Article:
Though Traveling is an interesting and thought-provoking meme started by Nathan @ Fantasy Review Barn: each week Nathan chooses a topic from The Tough Guide to Fantasyland by Diana Wynn Jones and challenges everyone to come up with a list of books featuring that trope. After reading so many fascinating posts, I’ve finally decided to pitch in and join the fun.
This week’s theme revolves around law enforcement.
Seems odd to think that in fantasy cities in which entire economies revolve around crime there is room for the men in blue (or crimson, or whatever). But the law does the best it can, even when faced with magic, mystical creatures, or rogue deities.
The first example that comes to mind is the Thought Police from Orwell’s 1984: they monitor the citizens for potentially disruptive behavior that could affect the strictly enforced discipline that stands at the basis of the totalitarian government of Oceania. Since they are known for widespread surveillance obtained both through technological means and misinformation, the Thought Police is rumored to be able to catch a guilty citizen even as he thinks unacceptable thoughts. Scary!
I’m not sure if Special Circumstances, the strong arm of Iain M. Bank’s Culture, can be considered a real law enforcement agency, since there is no government as such in the utopian, post-scarcity anarchy of the Culture, but still they act as if they believe it. In their understated and underhanded way they manipulate and channel forces that could prove destabilizing to the Culture itself or to its goals, and handle every “dirty job” the situation requires.. Sometimes with mixed or even catastrophic results. If I ever needed an example for the old dilemma about who watches the watchers, Special Circumstances would be at the top of my list…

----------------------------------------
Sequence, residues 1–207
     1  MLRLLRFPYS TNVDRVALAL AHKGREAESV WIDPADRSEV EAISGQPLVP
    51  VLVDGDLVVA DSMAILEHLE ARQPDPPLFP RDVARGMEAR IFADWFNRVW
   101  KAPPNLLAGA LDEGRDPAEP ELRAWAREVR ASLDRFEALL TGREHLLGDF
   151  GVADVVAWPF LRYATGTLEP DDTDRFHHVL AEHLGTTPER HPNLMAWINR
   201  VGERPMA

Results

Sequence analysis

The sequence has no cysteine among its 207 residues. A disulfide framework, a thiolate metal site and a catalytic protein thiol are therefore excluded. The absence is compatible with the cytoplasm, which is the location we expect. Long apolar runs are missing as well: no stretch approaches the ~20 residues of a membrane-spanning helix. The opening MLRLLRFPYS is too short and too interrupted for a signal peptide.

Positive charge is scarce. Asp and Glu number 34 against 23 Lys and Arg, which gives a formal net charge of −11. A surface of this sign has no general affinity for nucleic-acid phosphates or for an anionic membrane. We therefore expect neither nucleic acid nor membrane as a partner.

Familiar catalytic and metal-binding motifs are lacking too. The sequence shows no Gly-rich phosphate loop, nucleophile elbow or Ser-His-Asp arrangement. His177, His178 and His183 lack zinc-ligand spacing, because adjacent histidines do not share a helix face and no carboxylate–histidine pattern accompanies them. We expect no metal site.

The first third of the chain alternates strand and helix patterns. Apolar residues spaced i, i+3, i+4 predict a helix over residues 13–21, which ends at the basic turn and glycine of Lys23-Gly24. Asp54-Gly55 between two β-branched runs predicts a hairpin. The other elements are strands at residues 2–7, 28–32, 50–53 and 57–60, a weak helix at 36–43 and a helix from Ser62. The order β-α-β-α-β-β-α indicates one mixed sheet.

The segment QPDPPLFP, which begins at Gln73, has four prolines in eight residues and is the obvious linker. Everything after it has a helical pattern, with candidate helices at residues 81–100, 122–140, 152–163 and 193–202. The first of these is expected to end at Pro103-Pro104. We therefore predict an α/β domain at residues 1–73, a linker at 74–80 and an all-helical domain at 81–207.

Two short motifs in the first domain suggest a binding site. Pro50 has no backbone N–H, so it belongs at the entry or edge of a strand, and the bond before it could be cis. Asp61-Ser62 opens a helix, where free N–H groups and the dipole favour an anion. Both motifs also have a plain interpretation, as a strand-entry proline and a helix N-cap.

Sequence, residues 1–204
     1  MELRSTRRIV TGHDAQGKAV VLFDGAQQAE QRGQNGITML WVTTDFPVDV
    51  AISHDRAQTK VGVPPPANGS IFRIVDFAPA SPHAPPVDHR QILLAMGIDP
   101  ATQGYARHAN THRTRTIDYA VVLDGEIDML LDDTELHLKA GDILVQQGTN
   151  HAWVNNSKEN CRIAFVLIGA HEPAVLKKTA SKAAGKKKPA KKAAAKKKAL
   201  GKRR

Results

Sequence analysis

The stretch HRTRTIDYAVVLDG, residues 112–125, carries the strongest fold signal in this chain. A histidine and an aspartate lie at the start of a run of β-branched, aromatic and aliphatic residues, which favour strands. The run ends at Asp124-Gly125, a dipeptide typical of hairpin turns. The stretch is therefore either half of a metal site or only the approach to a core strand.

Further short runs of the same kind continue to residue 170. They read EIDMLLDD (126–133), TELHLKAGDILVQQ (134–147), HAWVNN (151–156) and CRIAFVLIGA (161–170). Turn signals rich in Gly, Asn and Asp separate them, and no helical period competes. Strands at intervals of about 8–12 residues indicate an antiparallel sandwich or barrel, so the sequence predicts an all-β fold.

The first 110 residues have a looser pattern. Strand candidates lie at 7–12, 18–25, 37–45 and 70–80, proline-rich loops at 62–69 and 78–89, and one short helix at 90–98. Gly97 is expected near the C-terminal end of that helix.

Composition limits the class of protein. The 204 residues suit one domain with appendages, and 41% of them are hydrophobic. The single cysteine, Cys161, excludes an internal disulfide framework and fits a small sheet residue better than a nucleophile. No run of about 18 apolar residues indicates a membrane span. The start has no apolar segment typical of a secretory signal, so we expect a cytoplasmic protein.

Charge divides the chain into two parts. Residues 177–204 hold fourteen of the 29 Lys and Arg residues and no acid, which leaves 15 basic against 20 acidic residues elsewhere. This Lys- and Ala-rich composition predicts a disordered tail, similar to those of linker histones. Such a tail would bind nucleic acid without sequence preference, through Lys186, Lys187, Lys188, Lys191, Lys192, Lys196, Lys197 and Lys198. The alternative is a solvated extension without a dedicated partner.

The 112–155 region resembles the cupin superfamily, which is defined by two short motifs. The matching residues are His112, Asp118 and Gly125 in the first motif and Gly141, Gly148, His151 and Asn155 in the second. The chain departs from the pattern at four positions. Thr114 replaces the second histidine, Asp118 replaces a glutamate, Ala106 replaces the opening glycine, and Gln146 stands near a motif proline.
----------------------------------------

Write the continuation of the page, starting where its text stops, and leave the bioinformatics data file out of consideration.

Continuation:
I’ve recently become aware of Gail Carriger’s Parasol Protectorate series, a mix of steampunk and urban fantasy peopled by the most diverse and outlandish creatures, from werewolves to vampires to ghosts. How are they kept in line? By B.U.R. – the Bureau of Unnatural Registry – that works at the behest of Queen Victoria and keeps a close tally of the preternaturals in the British Kingdom and keeps them in check when necessary. Manned by members of the non-human races, B.U.R. has no qualms about employing harsh means to enforce the co-existence covenant between the preternaturals and the human population.
Could the Nightwatch from GRR Martin’s Song of Ice and Fire be considered law enforcement? I think so: they are not involved with day to day management of cities and settlements, but rather police the northernmost border of the realm at the Wall, beyond which lie both huge numbers of Wildlings, always ready to invade and plunder, and the Others – terrifying wraiths who once were human. It’s ironic that most of the Nightwatch’s men are former criminals, sentenced to the Wall as an alternative to the death penalty, but someone might say that to catch a thief you need to employ another one….